Many non-Africans came to the United States seeking freedom from European despotism, seeking a new life. African Americans did not voluntarily come to these shores as willing immigrants, bondservants, or as convicted criminals. From the seventeenth through the nineteenth century, African Americans were subjected to the moral and legal oxymoron of legalized slavery endorsed by church and state. Both institutions validated this human bondage. Prior to the 1960s, many African Americans were subject to institutional racism supported and approved of by the nation's rulers, customs, and laws. One response by the enslaved Africans of the North American diaspora and by modern African Americans was the cultural artifact historically known as "the Spirituals." Using the phonodisc Voices of the Civil RightsMovement: Black American Freedom Songs, 1960-1966 as my primary database, in this chapter I set out a working definition of the Spirituals and question the ways African Americans handle meaning, knowing, and understanding.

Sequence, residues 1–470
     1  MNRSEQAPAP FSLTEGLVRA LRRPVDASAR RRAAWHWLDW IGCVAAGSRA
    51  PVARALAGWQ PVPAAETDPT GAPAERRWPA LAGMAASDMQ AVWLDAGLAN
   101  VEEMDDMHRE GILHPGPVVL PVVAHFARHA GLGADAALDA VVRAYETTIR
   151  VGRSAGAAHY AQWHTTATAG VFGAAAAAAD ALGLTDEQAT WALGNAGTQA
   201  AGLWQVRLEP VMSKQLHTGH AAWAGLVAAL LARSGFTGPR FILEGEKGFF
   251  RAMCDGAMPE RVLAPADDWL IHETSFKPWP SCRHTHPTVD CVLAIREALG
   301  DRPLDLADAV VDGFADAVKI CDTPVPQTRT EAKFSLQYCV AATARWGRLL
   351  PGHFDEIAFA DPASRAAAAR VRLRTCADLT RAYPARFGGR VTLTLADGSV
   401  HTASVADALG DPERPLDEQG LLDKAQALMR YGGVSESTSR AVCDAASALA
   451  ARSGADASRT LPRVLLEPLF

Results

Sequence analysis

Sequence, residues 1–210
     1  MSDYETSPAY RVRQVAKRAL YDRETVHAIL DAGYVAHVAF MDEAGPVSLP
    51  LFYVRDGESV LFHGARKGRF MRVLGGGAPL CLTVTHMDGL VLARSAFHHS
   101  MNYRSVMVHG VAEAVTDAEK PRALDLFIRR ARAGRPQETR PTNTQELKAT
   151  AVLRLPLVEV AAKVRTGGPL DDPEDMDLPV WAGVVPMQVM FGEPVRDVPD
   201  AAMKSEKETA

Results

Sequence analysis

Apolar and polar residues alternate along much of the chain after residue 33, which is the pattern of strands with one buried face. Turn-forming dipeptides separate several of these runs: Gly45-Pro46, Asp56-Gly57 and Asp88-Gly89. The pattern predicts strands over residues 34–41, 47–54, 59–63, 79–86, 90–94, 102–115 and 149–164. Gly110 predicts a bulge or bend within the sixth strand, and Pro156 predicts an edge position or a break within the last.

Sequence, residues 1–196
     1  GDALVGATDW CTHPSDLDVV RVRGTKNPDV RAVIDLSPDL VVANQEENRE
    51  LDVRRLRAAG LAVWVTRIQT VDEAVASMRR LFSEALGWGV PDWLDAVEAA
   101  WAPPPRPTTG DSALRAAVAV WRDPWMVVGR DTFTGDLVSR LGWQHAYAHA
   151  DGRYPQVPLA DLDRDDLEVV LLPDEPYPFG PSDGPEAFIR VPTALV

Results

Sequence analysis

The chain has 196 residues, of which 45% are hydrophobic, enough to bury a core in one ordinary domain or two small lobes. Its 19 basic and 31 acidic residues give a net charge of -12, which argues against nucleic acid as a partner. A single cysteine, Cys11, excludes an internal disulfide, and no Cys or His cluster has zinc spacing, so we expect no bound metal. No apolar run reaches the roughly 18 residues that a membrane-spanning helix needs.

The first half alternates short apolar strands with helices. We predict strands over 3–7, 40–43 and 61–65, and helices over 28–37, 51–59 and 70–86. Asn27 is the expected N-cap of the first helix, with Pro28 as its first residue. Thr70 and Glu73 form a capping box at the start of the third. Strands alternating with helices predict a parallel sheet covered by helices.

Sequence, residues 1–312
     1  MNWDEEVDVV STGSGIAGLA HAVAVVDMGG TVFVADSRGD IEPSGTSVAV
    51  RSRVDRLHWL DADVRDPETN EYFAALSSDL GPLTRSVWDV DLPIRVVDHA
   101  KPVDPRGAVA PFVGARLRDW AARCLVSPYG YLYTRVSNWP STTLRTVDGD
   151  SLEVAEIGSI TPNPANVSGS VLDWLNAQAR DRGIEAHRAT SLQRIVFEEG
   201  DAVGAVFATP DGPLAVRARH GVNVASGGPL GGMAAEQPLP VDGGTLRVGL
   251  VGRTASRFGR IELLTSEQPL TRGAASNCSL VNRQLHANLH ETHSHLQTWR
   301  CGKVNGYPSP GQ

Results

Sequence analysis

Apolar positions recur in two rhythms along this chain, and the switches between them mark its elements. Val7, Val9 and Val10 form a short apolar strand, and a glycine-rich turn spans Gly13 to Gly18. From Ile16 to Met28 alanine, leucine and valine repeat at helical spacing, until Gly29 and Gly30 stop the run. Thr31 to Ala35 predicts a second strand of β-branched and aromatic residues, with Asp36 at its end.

"The harmonies and intensities of naked voices ... all sounds, from the soaring gospel descants of the soprano soloists to the thunderous hand clapping of the congregation, were created by human flesh. The sounds harked back to the moods of the slavery." African-American Spirituals mirror Black people's cultural, religious, and political experience in the United States. They document human existence and usage of power in American society. These folk harmonies that originated spontaneously exude life itself, foster pride, and conserve traditions and memories of life in bondage. These songs uniquely combine rhythm, melody, text, and harmony in a powerful sense of the religious and of rhythm. The mystery, beauty, and wonder of these melodies sound forth both a cry that ponders heavenly blessings now and the ongoing riddle of slavery midst the themes of prophecy, penitence, praise, fellowship, faith, aspiration, and advice. Slaves "smuggled" their valuable cargo, the treasure of their God-centered musical heritage, aboard slave ships. The antebellum Spirituals were both a secret means of communication and a means to reaffirm the displaced African's status as imago Dei, as created in the image of God.